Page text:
Figure 4. (A) Rewarded approach. Time (mean ± SEM) spent to reach a rewarded goal in the L-maze is shown. M group: WT, n = 19; HT, n = 32; KO, n = 17. 129E group: WT, n = 23; HT, n = 36; KO, n = 18. (B) Spontaneous alternation. All genotypes show a tendency (more ...)
In a T-maze, mice have a tendency to visit an unvisited arm rather than a previously visited arm. This phenomenon or spontaneous alternation reflects the flexibility of an animal to alternate their behavior based on the memory of a previously visited arm. Spontaneous alternation was not influenced by genetic background (F1,141 = 0.01, n.s.), genotype (F2,141 = 1.04, n.s.) or interaction (F2,141 = 2.25, n.s.) (Fig. B).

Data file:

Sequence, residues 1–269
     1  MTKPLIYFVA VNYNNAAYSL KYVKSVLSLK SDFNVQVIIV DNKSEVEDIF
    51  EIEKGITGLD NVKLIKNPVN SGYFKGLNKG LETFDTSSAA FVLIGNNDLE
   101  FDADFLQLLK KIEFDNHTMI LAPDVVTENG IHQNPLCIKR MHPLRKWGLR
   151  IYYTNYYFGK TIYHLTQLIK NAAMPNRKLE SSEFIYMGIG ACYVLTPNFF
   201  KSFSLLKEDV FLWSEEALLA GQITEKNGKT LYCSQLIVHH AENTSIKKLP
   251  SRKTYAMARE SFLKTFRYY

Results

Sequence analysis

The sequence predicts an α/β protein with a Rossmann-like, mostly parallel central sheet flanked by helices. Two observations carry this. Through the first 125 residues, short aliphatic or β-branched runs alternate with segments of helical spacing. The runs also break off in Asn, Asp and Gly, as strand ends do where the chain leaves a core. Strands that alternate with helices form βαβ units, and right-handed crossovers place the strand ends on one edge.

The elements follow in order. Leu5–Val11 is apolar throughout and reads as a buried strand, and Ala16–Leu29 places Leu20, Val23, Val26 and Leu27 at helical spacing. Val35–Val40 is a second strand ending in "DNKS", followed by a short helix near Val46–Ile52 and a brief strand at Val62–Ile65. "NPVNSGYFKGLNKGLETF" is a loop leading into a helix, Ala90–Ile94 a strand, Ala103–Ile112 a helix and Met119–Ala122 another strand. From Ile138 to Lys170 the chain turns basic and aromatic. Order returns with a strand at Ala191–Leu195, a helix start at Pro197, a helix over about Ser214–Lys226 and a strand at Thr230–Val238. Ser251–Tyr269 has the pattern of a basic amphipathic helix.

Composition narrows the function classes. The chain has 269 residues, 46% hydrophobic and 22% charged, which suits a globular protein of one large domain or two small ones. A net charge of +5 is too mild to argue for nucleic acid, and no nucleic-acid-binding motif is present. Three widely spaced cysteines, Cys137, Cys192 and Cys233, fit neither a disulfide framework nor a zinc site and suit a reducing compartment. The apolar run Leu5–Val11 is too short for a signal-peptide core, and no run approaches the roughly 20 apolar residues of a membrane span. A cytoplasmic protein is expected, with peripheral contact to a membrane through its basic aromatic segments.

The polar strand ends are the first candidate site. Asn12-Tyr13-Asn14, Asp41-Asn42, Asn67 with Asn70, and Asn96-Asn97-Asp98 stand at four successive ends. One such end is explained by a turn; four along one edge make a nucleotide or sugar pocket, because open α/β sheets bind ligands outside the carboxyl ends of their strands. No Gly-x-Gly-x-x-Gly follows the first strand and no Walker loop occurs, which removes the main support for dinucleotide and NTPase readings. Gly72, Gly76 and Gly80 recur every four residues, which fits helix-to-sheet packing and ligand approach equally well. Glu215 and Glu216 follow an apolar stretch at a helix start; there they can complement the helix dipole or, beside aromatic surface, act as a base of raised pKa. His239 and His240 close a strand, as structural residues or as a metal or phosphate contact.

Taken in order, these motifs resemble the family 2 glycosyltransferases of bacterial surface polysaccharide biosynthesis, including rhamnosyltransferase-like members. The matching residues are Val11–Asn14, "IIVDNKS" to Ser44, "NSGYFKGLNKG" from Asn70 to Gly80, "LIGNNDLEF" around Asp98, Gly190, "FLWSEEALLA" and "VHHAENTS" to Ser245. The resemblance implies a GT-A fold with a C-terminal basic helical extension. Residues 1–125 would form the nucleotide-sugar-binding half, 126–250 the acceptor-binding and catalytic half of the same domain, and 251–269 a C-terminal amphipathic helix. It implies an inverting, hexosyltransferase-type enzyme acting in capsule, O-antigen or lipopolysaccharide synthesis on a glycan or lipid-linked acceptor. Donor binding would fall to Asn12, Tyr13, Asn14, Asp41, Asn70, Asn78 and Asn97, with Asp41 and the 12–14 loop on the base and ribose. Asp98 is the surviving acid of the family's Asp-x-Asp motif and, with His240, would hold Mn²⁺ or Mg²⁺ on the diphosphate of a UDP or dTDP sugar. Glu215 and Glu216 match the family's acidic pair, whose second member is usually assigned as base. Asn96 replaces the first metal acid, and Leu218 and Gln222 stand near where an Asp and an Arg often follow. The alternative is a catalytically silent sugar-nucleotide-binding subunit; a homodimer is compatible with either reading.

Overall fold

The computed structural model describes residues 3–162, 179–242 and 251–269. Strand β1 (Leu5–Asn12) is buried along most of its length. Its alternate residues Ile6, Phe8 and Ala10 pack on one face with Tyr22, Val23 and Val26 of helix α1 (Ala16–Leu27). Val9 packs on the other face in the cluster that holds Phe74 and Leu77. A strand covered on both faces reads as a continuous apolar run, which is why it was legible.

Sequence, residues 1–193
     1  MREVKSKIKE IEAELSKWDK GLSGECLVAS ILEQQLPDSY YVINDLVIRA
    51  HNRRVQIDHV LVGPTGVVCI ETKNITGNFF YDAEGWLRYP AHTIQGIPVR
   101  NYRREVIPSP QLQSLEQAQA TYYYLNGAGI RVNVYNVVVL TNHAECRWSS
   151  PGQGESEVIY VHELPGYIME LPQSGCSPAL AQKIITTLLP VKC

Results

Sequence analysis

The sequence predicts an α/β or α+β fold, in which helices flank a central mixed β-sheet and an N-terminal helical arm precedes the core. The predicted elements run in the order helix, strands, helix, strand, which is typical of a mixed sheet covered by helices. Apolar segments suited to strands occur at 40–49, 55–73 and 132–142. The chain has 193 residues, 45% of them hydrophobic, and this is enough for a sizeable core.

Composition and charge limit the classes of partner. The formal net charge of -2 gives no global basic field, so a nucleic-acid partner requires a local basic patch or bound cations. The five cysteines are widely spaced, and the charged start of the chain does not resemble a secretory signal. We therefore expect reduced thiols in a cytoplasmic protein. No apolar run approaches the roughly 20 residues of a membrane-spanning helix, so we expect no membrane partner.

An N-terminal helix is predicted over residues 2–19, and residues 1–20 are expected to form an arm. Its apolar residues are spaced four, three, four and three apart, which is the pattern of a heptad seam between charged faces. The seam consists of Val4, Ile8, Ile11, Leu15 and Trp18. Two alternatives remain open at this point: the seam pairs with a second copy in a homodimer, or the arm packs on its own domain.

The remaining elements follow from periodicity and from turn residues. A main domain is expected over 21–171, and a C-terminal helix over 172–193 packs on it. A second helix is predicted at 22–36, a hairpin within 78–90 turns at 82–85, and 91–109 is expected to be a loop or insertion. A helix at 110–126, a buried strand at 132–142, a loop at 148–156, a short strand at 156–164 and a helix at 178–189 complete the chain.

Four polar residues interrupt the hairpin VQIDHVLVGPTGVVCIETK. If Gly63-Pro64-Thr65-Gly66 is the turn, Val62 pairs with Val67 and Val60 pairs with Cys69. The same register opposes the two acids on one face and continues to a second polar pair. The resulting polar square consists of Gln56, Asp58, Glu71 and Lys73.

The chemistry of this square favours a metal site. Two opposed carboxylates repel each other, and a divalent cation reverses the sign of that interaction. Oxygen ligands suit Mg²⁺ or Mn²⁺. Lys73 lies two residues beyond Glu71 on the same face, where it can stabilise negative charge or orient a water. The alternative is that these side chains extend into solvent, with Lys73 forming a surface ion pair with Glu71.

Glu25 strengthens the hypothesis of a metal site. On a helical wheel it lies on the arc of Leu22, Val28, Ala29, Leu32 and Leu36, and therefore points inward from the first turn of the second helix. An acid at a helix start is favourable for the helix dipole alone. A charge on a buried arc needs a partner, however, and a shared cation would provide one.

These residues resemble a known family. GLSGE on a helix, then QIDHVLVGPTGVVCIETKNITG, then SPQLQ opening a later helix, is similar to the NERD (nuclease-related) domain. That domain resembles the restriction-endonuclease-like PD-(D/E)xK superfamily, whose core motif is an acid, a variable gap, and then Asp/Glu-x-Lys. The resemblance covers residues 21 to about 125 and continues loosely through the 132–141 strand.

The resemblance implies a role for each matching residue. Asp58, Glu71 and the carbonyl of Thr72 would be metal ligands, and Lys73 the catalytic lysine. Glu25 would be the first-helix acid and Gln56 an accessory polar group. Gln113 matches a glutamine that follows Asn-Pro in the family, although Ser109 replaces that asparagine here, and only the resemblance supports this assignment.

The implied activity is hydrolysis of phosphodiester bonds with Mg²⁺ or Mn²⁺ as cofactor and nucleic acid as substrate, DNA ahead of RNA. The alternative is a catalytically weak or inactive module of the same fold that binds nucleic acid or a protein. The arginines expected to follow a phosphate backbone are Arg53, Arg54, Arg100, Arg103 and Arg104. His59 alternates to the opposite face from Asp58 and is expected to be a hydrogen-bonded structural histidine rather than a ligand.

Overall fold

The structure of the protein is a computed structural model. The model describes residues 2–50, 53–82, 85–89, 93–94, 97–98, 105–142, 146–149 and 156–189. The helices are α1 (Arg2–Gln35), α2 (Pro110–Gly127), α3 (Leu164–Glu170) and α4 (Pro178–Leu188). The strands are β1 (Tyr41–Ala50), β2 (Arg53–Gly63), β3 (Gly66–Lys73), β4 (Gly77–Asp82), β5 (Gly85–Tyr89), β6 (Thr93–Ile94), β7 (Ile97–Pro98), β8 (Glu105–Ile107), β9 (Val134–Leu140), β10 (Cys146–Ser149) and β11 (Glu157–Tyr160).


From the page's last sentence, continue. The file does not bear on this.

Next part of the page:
When mice are rewarded in one of the two goal arms of the T-maze, their tendency to subsequently alternate behavior is enhanced. This reward-based memory or rewarded alternation is an objective measure to evaluate how a reward experience subsequently influences spontaneous alternation (Fig. C). Sept5 deficiency had no effect on rewarded alternation by itself (F2,93 = 0.07, n.s.), with genetic background (F2,93 = 2.09, n.s.) or with genetic background and session (F8,372 = 1.22, n.s.). 129E mice exhibited higher levels of rewarded alternation than M mice (F1,93 = 8.47, P < 0.01).
Spontaneous motor activity